More particularly, the sender 12 at the plug 24 generates a small alternating current. This current may be modulated at a very high frequency that is easy for the receiver 14 to identify. Preferably, the frequency should be very different from 50–60 Hz or near multiples thereof because those frequencies are often used for conventional alternating current. Typically, a frequency of 1–100 kHz or any other suitable frequency may be used. The receiver 14 at the component 44 detects a magnetic field 80 that are created as a result of the small current. The magnetic field, as opposed to the electric field or voltage variations, may not spread to other components because only the component that carries the particular current will generate the magnetic field. A component 45 may be surrounded by a different magnetic field 81. In general, the sender 12 may also send out an identification signal so that the receiver 14 can distinguish the signals from the sender 12 from other senders that may be in operation in the vicinity. The use of the identification signal may be used for all the applications of the system.
In practice, the receiver 14 has the sensor 42 disposed in a testing probe 43 that may be held close to an electrical component such as a fuse 44 or a wire 46 to determine if the plug 24 is connected to the fuse 44 or if the plug 24 is connected to the same phase as the wire 46 or if the phase of the wire 46 is 120 degrees ahead or behind the phase of the plug 24. The receiver 14 has the display 48 that indicates the correct fuse or wire and shows the voltage and frequency of the plug 24 at the time of the testing. By using radio communication, the user may determine if the voltage in the plug 24 is present although a fuse 44 or circuit breaker has been disconnected. The sender 12 has a built in power supply 50, such as a battery, so that the sender 12 functions even if the plug 24 has no voltage. For example, if the fuse 44 is connected to the plug 24 and the fuse 44 is disconnected to cut off the current to the plug 24, the sender 12 may still send information to the receiver 14.
A fourth important function is that the system 10 may also be used to test and make sure that residual current detectors 51 are functioning properly and that the detectors turn off the electricity within a permitted time period such as 200 milliseconds or any other time limit. The system 10 may also be used to determine which particular residual current detector 51 that is connected to the plug 24 by analyzing the phases, as outlined above. To test the functionality of the residual current detector, the sender 12 may apply a very small controlled faulty current between the phase and the ground, but not the zero-reference wire, of the plug, and the receiver 14 measures the time it takes until the detector 51 releases. The receiver 14 may transmit a trigger signal 47 to the sender 12 to apply the current at the source plug 24 and the time it takes before the residual current detector 51 is released is measured.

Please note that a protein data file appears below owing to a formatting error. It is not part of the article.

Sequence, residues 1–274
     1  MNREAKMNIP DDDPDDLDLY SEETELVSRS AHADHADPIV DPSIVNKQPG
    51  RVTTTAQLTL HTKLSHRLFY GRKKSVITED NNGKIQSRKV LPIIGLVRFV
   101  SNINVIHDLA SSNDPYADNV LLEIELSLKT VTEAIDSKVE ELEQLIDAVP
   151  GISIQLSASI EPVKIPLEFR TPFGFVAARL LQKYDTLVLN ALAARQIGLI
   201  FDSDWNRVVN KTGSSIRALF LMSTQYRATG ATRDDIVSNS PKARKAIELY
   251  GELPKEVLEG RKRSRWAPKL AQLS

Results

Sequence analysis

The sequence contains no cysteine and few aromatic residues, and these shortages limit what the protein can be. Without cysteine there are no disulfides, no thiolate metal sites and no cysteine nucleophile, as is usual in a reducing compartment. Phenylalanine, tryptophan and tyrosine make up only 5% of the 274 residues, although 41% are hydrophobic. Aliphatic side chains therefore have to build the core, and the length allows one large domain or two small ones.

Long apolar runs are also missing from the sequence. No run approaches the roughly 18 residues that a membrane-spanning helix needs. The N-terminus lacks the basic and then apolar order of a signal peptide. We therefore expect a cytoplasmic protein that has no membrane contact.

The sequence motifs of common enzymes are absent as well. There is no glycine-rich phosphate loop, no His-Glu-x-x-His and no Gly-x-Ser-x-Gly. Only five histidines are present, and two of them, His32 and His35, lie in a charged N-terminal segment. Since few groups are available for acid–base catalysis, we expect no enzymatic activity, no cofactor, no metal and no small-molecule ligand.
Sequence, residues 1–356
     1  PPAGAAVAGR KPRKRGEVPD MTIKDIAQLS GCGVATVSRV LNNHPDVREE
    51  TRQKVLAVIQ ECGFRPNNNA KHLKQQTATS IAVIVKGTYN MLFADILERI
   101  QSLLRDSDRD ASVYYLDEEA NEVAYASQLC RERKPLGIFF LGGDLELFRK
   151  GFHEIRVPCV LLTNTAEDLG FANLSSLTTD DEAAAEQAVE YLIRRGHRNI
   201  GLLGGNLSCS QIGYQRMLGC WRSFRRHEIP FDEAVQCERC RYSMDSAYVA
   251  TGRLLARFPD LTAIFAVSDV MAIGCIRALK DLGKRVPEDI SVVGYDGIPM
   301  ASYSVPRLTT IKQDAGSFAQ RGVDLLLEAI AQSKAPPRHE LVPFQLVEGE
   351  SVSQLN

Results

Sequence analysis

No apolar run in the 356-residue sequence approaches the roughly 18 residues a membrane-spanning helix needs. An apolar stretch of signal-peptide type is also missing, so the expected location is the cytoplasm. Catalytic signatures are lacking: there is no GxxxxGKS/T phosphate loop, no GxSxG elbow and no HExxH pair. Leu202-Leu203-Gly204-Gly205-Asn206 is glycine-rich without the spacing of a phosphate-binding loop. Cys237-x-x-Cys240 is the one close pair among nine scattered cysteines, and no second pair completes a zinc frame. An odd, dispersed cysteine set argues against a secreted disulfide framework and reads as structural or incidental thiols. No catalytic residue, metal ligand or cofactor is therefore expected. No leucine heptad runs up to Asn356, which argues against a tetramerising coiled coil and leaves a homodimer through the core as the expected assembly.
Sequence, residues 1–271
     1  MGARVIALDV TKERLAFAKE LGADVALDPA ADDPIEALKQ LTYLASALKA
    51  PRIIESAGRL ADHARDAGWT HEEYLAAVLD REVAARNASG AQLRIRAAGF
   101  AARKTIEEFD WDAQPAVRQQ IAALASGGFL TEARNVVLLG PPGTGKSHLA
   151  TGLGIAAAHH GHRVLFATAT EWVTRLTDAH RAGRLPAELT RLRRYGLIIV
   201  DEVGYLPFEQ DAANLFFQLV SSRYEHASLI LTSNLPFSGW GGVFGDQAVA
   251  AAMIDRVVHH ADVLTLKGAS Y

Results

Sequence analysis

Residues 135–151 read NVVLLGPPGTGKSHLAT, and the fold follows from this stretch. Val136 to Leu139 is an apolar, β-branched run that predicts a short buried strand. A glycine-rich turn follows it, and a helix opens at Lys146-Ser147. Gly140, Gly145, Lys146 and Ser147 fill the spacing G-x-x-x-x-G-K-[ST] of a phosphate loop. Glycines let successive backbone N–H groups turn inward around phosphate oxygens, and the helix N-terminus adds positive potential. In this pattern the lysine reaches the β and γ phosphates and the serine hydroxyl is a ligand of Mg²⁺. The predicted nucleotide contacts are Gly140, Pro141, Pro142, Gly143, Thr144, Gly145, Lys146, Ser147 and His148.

The determination of a reference voltage value in a system 100 is described in more detail below and shown in
A reference time, that may represent the time for reaching a peak value or any reference voltage value, may be calculated by starting a counter from the time it takes from the first time (t1) at the voltage level 108 a of a reference phase voltage 110 (while in positive slope) until a time (t2) is reached of the same reference phase voltage (V1) at a second voltage level 112, that is identical to the voltage level 108 a, is reached again (while in negative slope) and the counter stops. In other words, the counter counts while the reference phase voltage is greater than the reference phase voltage at the first voltage level 108. It is then assumed that the reference value (i.e. peak value of a sinusoidal curve) is in the middle of the first time (t1) at the voltage level 108 and the second time (t2) at the second voltage level 112. The time difference between the first time (t1) and the second time (t2) has the total length (2L). A length (L) of the synchronization pulse 114 is then adjusted and determined so that it is half of the time difference between the first time (t1) and second time (t2).
The synchronization pulse 114 is sent at the voltage level 108 b at a third time (t3) of a second cycle 116 and the length (L) of the pulse 114 is half of the time between the first time (t1) and second time (t2). In this way, the synchronization pulse ends at a fourth time (t4) at a reference point or peak 118 of the reference phase voltage 110.
The determination of the corresponding reference point, i.e. peak value in time, that represents the corresponding reference point or peak value 120 of an unknown phase voltage 122 is carried out in a similar way. As an illustrative example, the peak value 120 is selected as the reference point although another reference point on the unknown phase voltage 122 and the reference phase voltage 110 may be selected.
As best shown in
The time difference between the time t6 and the time t7 is 2P. The time from termination of the synchronization pulse at the time (t5) and the mean value of the time between the time (t6) and the time (t7) is then calculated to determine the phase difference between the reference voltage phase 110 and the unknown voltage phase 122.
While the present invention has been described in accordance with preferred compositions and embodiments, it is to be understood that certain substitutions and alterations may be made thereto without departing from the spirit and scope of the following claims.